As I write this column, there are multiple signs of trouble brewing in our judicial system.
Headlines continue to mention the recent murder of Wisconsin state court Judge John Roemer. A heavily armed would-be assassin was arrested near the home of U.S. Supreme Court Justice Brett Kavanaugh. Multiple homes of the justices have been the scene of large demonstrations. Federal judges and their families have been murdered in recent years. And, according to a 2021 survey by the National Center for State Courts, public trust in the courts and other institutions is dropping at an alarming rate.
Meanwhile, high-profile politicians continue to impugn the motives of judges who have made rulings that are not to the liking of their political base. At least one high-level Indiana elected official recently derided an Indiana Supreme Court opinion by stating, “the court became a legislature today by overriding the intent of those who are directly elected by the people.” False and corrosive statements of this kind have become commonplace.
We can debate the causes of declining public confidence in our judiciary. Some would say that it is the result of the failure of our schools to teach civic education in which students would learn about the role of our courts in our society. They argue that an uneducated public easily falls prey to politicians who accuse judges of improper motives, political leanings or legislating from the bench. I share this view. We need more civic education in schools.
However, there are other reasons.
We lawyers are the starting point. Too often lawyers will attribute an adverse outcome to the judge and will omit the fact that the law or the facts may have simply been against the client. For many, blaming the judge is far easier than blaming themselves or their client for an outcome. However, blaming the judge and imputing improper motives simply further erodes confidence in our courts.
There is no question that news media on both sides of the political spectrum have caused huge harm to public perceptions. Under the guise of “news,” TV personalities spew hate and vitriol toward the judiciary. Because of the prevalence of national cable news, many Americans develop their opinions of judges from national television while they lack any knowledge about their local judiciary. In locales that elect judges, political advertising on television further diminishes public confidence.
Social media is another challenge for the judiciary. Anyone these days can find a social media platform “echo chamber” that embraces their personal views of politics and judges. The forum of social media allows anyone to be a “commentator,” and too often the commentary is utterly ignorant of the facts or the law behind a judicial order. To make matters worse, the decline of local news coverage of judicial opinions means that many social media users do not have other sources available to them for objective and fact-based discussions of decisions of the day.
The growing lack of trust in and respect for our judicial system has resulted in more pro se litigants, assaults on judges and their families and staffs, lack of support for funding for security, staffing and adequate pay. The list goes on and it is getting worse.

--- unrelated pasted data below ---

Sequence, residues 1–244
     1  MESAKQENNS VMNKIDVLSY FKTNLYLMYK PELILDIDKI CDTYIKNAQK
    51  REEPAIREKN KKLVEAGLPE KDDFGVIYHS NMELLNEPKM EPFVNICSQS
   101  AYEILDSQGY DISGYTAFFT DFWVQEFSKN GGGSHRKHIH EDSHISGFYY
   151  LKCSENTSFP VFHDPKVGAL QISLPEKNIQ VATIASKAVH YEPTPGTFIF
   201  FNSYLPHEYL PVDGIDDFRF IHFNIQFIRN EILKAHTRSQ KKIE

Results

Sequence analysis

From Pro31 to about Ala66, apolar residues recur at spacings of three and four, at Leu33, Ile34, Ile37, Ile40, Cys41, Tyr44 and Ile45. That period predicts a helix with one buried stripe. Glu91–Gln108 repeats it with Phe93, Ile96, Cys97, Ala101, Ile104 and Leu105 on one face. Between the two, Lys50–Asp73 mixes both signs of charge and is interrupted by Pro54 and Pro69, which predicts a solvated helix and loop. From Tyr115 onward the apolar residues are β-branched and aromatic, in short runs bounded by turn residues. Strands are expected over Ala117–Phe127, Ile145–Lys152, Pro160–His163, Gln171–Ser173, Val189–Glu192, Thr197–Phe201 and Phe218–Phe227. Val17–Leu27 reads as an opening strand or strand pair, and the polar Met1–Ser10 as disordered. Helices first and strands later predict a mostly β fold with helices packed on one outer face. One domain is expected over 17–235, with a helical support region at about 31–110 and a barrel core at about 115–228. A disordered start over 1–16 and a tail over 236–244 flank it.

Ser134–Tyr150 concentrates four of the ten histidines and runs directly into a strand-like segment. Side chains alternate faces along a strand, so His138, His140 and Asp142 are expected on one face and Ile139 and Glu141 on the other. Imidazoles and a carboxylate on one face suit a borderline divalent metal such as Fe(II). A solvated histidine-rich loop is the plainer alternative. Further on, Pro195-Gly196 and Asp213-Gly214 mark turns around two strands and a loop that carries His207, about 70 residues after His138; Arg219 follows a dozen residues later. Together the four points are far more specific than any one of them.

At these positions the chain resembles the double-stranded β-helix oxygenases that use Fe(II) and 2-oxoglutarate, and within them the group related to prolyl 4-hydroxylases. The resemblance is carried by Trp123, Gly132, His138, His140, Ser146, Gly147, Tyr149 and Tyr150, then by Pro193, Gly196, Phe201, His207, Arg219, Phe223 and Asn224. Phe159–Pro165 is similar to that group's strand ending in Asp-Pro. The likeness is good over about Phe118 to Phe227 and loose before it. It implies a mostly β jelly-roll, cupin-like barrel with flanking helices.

So, what can we do?
First, we cannot remain silent any longer. We are the immediate consumers of the judicial system. We have been trained to objectively assess judicial opinions, and we understand the role of judges in our society. We must individually and collectively through our bar associations be more proactive in educating the public, the media and our politicians about the harm to our democracy if our courts are not protected and respected. If we are active on social media, we should use it to raise the level of conversation about our judicial system, and we should have the courage to condemn and correct unjust or inaccurate statements.
Next, we have to get into schools and talk to students of all ages about what judges do and what they do not do. We need to get before civic groups and share the same message. If we are involved in a political party, we need to voice our concerns and objections when members of our party distort the opinions and motives of judges. We need to lobby legislative bodies to provide adequate funding for security, staffing, technology and salaries. At the same time, we need to hold our elected officials accountable for unfair and inaccurate characterizations of judicial actions and decisions.
Finally, we need to be transparent with our clients about the strengths and weaknesses of our cases. We cannot blame the judge when things do not go our way.
The bottom line is that we need to say, “Enough!” It is time to stop accepting this state of affairs and do something about it. #WillYouBeThere?•
John Trimble (@indytrims) is a senior partner at the Indianapolis firm of Lewis Wagner LLP. He is a self-described bar association “junkie” who admits he spends an inordinate amount of time on law practice management, judicial independence and legal profession issues. Opinions expressed are those of the author.